Velasquez’s single leg takedown chain is one of the best in all of MMA and he uses it exceptionally well to take even elite wrestlers to the mat. Once there, he doesn’t necessarily prioritize control the way many wrestlers do. Instead, he prefers to attack an open guard standing much like a modern sport jiu-jitsu player rather than suffocate the hips from inside the closed guard.

Velasquez rarely sits in half guard, the fist fight with Antonio “Bigfoot” Silva being the exception, instead he prefers to pass the guard to positions that allow him to be much more dynamic such as side control, knee on belly, and the wrestling ride.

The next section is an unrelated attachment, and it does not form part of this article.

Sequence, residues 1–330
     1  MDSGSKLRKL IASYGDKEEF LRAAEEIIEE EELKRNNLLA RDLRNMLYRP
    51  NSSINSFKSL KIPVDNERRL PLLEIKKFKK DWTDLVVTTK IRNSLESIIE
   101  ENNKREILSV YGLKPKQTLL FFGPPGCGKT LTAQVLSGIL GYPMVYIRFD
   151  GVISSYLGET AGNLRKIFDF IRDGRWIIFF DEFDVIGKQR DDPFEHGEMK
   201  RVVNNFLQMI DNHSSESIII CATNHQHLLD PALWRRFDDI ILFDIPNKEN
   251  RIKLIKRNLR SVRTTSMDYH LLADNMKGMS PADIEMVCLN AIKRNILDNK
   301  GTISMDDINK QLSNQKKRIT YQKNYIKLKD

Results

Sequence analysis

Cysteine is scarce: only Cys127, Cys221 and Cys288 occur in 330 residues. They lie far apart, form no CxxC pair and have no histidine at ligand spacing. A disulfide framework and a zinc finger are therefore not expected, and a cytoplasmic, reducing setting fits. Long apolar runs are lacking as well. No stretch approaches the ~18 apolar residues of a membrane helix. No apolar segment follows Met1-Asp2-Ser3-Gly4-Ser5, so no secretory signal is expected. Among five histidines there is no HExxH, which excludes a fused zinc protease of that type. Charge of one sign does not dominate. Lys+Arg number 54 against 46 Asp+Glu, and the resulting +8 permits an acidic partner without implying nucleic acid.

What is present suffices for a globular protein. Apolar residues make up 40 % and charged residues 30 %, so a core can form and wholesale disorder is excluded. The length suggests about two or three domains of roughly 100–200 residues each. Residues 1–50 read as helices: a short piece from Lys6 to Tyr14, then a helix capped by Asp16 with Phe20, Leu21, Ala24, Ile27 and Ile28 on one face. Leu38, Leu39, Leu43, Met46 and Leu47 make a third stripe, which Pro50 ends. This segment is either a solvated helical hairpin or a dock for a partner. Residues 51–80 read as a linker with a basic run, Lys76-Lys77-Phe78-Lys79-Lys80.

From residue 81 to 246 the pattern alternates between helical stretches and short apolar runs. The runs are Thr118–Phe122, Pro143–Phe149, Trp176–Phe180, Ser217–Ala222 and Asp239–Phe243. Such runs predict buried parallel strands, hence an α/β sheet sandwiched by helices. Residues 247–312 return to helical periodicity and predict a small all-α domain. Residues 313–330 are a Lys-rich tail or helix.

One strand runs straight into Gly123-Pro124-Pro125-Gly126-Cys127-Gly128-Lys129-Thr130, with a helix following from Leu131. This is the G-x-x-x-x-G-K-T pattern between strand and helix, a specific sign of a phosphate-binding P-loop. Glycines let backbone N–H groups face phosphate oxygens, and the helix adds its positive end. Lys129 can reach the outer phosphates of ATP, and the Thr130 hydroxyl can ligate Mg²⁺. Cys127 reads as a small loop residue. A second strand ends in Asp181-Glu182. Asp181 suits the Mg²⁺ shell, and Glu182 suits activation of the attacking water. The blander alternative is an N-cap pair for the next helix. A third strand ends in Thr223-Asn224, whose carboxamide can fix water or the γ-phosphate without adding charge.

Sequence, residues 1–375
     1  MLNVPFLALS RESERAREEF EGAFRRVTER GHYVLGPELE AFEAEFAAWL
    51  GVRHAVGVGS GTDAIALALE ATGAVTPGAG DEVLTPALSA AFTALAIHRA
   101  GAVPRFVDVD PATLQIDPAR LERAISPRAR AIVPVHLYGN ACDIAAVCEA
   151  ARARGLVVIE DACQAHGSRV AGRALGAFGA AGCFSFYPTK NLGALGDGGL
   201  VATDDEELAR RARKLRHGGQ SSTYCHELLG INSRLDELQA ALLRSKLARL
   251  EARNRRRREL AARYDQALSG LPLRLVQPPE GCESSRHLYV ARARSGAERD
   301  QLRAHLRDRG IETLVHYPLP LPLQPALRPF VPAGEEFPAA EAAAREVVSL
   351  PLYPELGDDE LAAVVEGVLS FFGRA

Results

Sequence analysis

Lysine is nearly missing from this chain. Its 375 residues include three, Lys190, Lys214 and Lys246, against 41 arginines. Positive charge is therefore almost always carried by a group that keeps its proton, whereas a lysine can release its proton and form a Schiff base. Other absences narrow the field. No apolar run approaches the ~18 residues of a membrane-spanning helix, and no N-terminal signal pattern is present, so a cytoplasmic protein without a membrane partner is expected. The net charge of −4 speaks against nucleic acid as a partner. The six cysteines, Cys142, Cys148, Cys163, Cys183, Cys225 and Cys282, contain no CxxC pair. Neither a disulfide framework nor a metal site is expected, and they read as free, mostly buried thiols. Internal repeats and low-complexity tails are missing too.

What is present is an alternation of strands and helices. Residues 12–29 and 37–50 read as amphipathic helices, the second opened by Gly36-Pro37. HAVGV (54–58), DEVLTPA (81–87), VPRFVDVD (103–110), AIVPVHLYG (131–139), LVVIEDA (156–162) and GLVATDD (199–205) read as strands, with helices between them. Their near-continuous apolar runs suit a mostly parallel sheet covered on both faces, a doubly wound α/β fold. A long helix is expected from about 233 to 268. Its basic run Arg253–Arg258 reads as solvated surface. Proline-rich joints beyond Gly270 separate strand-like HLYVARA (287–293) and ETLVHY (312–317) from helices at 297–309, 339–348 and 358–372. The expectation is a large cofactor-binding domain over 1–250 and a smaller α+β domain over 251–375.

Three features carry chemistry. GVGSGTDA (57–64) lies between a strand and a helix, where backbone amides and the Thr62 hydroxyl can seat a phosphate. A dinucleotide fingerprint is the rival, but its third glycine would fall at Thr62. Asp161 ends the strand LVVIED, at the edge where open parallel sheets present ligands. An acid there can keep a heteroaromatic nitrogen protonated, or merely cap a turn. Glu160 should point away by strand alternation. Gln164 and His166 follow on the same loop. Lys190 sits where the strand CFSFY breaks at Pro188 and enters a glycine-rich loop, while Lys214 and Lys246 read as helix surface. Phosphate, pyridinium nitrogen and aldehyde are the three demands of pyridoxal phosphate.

At the highest levels of any grappling art the concepts of “flow” and “transition” are key. MMA is no exception. One phenomenal example of an MMA transitional attack is the under the armpit punch which has been used very well by someone like Dan Henderson. While Henderson is well known for that strike and was one of the fighters to pioneer that technique, he really didn’t build his game around creating those openings, he just had the instincts to exploit them. Velasquez has built his ground game around creating and exploiting those openings with positional grappling to deliver as many strikes as possible.